Milo doesn’t write like most rappers. He told Rolling Stone in 2017 that before he became a father, he “used to spend the whole day reading stuff in pursuit of the perfect rhyme.” Rather than writing his music top-down from some general concept, he constructs his music bottom-up, engaging in a creative journey to find different, unforced, and often associative connections. He rejects market forces, ignoring the pressures to please the public. His music is authentic and experimental, not conformist. When asked about his songwriting process in a 2016 interview with Explain News, he responded: “I don’t know. It depends. There are so many different ways.”
A lover of exploration, Milo embraces a wide variety of musical structures. From the beginning of his newest LP, who told you to think??!!?!?!?!, he blends genres by sampling “The Artist’s Struggle for Integrity,” a speech by James Baldwin. He experiments with song duration in “The young man has a point (nurture),” in which he raps a total of nine lines for just twenty-eight seconds. Most strikingly, his live performances explore spirituality through distorted rhythms and apparently possessed movements.
“All my grandfathers were preachers,” he said in a 2015 interview with OnMilwaukee, “so I try to make it a spiritual moment—without evoking any kind of religion or anything.” His mistimed flow and unusually dense lines are not incidental displays of ineptitude; they are integral components of his art.
Beyond his process and structure, Milo’s lyrical content is rhizomatic in both its disruption of binaries and its rejection of teleology, or the idea that change has an end or goal. In “Magician (suture),” he mentions “le[aving] home in search of where the orchid grows,” acknowledging that “the important part is you leave home.” He recognizes the binary of start/finish, of searching for/finding the orchid, but he privileges the middle, the experimental value of the journey itself.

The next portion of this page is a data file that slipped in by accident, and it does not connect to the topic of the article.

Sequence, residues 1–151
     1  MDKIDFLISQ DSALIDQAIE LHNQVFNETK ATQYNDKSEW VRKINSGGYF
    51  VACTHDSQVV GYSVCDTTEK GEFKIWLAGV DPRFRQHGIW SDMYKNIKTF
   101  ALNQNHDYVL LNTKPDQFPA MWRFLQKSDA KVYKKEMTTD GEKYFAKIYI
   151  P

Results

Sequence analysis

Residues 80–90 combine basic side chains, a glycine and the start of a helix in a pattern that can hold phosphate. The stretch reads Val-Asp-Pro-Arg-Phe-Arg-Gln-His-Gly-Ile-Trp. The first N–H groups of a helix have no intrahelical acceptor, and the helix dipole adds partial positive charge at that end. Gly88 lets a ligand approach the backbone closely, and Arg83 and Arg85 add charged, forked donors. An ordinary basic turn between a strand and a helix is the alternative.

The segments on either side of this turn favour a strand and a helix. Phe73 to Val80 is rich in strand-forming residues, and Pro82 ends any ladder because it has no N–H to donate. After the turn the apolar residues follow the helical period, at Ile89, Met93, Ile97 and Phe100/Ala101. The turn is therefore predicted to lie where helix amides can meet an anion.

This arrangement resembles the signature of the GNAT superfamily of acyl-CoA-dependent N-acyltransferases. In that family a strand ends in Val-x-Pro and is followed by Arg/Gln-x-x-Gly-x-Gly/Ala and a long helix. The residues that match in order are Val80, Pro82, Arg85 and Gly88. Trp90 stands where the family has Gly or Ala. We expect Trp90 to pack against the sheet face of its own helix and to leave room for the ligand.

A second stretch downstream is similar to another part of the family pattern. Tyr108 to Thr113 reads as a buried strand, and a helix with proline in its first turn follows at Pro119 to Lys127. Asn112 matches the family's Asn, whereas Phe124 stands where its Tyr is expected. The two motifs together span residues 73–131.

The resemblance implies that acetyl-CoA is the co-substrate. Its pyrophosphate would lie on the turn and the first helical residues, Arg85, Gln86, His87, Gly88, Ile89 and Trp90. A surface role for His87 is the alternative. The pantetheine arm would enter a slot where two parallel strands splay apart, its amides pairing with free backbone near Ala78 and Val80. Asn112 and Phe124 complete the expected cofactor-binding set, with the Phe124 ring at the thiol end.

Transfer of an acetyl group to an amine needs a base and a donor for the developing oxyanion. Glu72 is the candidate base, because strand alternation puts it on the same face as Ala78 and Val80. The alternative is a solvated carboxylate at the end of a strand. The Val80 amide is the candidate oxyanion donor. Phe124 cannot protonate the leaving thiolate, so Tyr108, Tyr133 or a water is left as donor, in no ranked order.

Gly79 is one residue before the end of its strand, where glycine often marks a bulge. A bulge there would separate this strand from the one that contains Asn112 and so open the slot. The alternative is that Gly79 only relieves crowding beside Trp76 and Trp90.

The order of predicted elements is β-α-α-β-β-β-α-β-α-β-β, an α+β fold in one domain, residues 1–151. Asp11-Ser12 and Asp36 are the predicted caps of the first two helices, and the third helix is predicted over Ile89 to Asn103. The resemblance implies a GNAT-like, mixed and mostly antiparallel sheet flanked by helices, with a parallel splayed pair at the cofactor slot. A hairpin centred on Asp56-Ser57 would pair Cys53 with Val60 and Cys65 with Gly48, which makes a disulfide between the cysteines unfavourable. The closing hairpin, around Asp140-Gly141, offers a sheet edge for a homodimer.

Milo challenges binaries again in “The Thief of Always,” saying, “It’s a false choice like the mind-body problem / I’m weird but I’m good at this like Dennis Rodman.” Rather than disputing the difference between mind and body, as it may seem, he criticizes the problem itself—the costly fixation on arboreal binaries such as mind/body and weird/normal. His disruption of traditional logic peaks toward the end of “Just Us” when he exclaims: “Wherever you are, my brother, I hope you rest your weary shoulders. / There’s a lot more to Rob Espinosa than newspaper clippings in a folder.” Here, Milo locates his friend’s permanence outside of the living/dead divide. “I’m not trying to compress your existence into nicely wrapped tidbits,” he says, addressing his friend. “That’d be an insult to your memory as well as metaphysics.”
Just as Milo deviates from convention to honor Rob, listeners must shed conventional aesthetic and semantic standards to fully appreciate Milo’s “oddball hip-hop.” Rather than existing as a homogeneous playlist, created and curated for our enjoyment, Milo’s body of work is multidimensional—a conglomerate of ideas, experiences, and random impulses that materialize to create songs worthy of study. His unorthodoxies are not white noise, but small displays of metaphysical musings. Taken together, these displays suggest that chaos is by its nature orchestral—that accepting noise and uncertainty produces something comforting, beautiful, and utterly human.
Eric Wallach ‘21 is a first-year in Grace Hopper College.